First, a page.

I can't imagine a summer without an outdoor grill. After all, having barbeques with family is a tradition for most Americans. A lot of people buy grills that use an LP tank and they work well, but in order to feel safe during a cookout, it's best to have two tanks so when one runs out you can change it quickly. There's nothing worse than running out of gas with friends and family over. Then there's getting the tanks refilled. Here in my town, there's a local hardware store that will do that for you, but that involves transporting the tank and then waiting for it to be filled. The solution? If you have natural gas at your house, go with a natural gas grill.
Natural gas grills have become popular and their availability and price are very similar to LP models. So why doesn't everyone who has natural gas have a natural gas grill? Because you need to have it piped by a licensed plumber or gasfitter, you need a permit, an inspection, and your gas meter and existing piping have to be sized to accommodate the additional BTU load, which depending on the size of the grill, can be anywhere between 30,000 and 80,000. Mine is a 3 burner grill and it has 38,000 BTU. And the single reason not everybody has them is it's not cheap to pipe in...
Once it's established that your meter and piping can handle the additional load of an outdoor grill, the new gas line has to be attached at the right location to ensure that the pipe is big enough to handle the load before and after it. Plumbers and Gasfitters use charts that are based on the length and BTU's to figure this out.
Once a tee is installed on the existing gas line an approved gas shutoff is usually installed immediately after it. This will help get the gas back on without delay and will be a point of isolation so the new branch of the gas main can be pressure tested independently of the rest of the piping. Here in Massachusetts most residential gas lines are tested with 3 PSI of air for 15 minutes and are approved by an Inspector if there is no noticeable drop in pressure on an approved gauge, which must be no larger than 5 times the test pressure. Here in Massachusetts, that means a gauge that goes up to 15 PSI max. The idea is to have increments big enough so even a slight loss in pressure can easily be detected.
Plumber's and gas fitters have a choice of materials. Black iron pipe or CSST/Counterstrike (Corrugated Stainless Steel) are the two most popular, though there are other options. The CSST/Counterstrike is more expensive but less labor-intensive than black iron pipe, which needs to be cut and threaded. I'm old school, so I used black iron pipe and black malleable (BM) fittings. I threaded my pipe using a Ridgid 270 Pipe Threader, which is the little brother to the heavier Ridgid 300, a very popular machine on job sites. Before I purchased the 270 I hand threaded everything. Having the machine was a godsend and I thoroughly enjoy threading pipe with it. Although, it appears to have gotten heavier over the years...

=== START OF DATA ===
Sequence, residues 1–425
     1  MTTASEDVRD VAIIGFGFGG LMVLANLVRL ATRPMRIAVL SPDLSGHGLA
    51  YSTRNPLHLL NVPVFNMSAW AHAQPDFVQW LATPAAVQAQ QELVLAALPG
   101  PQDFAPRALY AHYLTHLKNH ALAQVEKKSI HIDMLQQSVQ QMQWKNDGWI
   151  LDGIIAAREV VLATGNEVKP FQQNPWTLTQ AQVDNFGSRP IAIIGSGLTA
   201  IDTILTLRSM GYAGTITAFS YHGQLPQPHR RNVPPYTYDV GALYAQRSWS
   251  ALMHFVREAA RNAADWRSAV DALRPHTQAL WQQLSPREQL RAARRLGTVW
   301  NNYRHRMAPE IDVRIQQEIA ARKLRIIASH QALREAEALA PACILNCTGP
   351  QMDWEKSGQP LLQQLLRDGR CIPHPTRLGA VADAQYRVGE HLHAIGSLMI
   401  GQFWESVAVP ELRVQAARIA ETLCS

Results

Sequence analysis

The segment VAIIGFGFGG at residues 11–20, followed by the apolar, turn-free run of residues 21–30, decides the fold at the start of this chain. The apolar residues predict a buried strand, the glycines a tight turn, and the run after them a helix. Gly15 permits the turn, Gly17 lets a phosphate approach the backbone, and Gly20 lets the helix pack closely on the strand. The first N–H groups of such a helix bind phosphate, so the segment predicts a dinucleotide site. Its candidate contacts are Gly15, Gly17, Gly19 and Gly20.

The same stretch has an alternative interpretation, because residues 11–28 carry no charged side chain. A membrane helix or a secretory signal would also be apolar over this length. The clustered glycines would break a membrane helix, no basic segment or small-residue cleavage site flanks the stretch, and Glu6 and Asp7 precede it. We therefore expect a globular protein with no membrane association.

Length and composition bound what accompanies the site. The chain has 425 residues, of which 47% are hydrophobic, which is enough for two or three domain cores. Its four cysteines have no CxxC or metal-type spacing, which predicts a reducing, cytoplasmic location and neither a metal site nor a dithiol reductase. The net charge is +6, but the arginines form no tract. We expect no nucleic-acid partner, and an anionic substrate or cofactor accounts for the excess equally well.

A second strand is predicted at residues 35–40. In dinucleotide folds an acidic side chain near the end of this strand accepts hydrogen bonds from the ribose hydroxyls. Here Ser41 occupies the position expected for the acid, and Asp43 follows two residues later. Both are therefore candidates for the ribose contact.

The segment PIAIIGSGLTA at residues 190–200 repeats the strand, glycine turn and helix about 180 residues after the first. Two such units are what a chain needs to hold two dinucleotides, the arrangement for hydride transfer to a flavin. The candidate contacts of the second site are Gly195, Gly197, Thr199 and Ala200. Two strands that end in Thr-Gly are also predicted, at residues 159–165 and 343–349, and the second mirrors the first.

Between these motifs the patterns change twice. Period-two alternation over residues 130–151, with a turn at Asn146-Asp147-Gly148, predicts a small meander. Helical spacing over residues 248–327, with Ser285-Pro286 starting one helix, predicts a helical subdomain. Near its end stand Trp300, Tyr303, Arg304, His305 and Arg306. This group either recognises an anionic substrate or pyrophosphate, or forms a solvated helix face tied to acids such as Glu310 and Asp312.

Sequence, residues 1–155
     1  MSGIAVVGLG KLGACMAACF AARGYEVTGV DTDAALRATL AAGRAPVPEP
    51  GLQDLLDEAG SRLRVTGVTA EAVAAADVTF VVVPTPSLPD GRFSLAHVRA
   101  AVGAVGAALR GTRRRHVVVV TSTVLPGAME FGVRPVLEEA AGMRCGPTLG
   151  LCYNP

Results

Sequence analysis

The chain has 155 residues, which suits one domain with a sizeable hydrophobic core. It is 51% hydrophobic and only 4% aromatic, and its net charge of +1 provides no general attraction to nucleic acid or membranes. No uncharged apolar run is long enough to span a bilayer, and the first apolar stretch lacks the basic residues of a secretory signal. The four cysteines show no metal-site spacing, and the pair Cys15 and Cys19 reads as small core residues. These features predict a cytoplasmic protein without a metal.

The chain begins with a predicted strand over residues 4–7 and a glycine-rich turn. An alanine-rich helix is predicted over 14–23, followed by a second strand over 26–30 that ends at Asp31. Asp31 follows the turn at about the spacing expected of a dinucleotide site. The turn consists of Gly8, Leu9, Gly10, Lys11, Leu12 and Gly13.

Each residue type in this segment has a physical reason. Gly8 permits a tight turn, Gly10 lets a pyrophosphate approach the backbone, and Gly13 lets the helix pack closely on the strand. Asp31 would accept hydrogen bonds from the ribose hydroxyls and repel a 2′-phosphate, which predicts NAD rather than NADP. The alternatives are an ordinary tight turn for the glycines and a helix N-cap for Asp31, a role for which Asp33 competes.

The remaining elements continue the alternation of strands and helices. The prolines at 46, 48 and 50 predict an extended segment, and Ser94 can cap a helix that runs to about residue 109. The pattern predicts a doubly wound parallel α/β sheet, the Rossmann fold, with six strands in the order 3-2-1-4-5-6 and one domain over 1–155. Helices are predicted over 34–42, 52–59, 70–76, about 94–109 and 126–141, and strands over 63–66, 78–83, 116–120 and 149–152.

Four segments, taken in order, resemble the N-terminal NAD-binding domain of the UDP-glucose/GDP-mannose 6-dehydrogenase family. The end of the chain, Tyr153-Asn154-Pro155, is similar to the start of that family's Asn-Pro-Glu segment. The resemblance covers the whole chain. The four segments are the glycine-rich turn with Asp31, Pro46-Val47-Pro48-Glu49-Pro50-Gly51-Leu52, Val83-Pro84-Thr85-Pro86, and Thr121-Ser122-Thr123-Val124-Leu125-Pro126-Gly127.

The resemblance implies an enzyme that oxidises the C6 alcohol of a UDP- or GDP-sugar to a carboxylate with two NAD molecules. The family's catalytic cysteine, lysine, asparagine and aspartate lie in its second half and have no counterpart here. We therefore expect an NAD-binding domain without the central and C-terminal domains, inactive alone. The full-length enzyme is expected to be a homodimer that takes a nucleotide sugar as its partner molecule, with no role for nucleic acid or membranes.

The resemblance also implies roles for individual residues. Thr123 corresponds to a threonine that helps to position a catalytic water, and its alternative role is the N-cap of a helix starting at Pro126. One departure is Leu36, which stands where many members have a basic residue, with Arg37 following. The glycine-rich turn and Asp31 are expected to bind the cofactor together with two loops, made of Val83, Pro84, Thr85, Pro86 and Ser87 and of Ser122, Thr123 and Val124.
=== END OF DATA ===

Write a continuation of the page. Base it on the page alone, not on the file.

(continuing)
I was able to remove a drip leg on a 3/4" tee, that was on an existing line feeding my stove and clothes dryer, and install a 3/4" x 1/2" x 1/2" BM Tee with an approved gas valve on one of the runs. I ran my pipe along the outside wall at the rear of my unfinished basement and hung it using wire hooks (Reznor hangers). Next, I drilled two corresponding holes, one in the outside wall of my house and the other on the outside wall at the far end of the 16' sunroom.
Once the holes were drilled, I slid a 17' length of pipe through the holes and hung it under the sunroom using side beam hangers, 3/8" threaded rod, and galvanized split-ring hangers (3-piece hanger). I connected it inside using two black malleable 90-degree elbows. I use three wraps of Teflon tape, skipping the first thread and a half, and then apply a thin coat of pipe thread sealant (pipe dope) to the first three threads. I always use two wrenches to tighten my pipe and fittings.
The correct number of threads on a 1/2" pipe is "no less than 10 and no more than 12, 11 is good". This yields a thread that is approximately 3/4" long. Proper "thread engagement" for 1/2" pipe is a 1/2", so after tightening the pipe and fitting there should be a 1/4" of thread showing. There's no need to over tighten, or worse, bury the pipe in the fitting.
Once outside under the deck, I drilled a third hole through the decking, and using three 90 degree elbows, and another 3-piece hanger, I ran my piping up through the decking where I installed an approved gas ball valve. At this point, I attached my gauge and tested the new gas line. It was tight.
After purging the line of air, I installed a series of adapters so I could use an approved flexible outdoor appliance connector with a quick disconnect fitting. I finished by painting all the exposed piping and fittings with black Rust-Oleum (MA Code).
Finally, time to cook up some tasty burgers!
Cost of materials: $200
Labor: One Old Master Plumber: 12 hours (I split it up and spent parts of two days on it)
Estimated Job Cost with Gas Permit: $1,350